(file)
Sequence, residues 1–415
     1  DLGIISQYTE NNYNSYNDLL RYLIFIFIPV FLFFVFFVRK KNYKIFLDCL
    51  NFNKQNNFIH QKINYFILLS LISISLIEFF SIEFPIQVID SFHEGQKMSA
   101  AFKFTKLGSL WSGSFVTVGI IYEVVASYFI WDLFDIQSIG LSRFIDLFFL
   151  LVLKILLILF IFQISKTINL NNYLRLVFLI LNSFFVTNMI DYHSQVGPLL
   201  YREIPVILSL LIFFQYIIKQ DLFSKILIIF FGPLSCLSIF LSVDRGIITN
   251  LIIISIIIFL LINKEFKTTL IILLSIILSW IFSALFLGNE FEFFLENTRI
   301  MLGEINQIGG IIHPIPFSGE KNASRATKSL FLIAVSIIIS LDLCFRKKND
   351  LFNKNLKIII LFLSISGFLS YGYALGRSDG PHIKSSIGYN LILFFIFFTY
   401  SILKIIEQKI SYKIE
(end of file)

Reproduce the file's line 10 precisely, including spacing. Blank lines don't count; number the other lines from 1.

   401  SILKIIEQKI SYKIE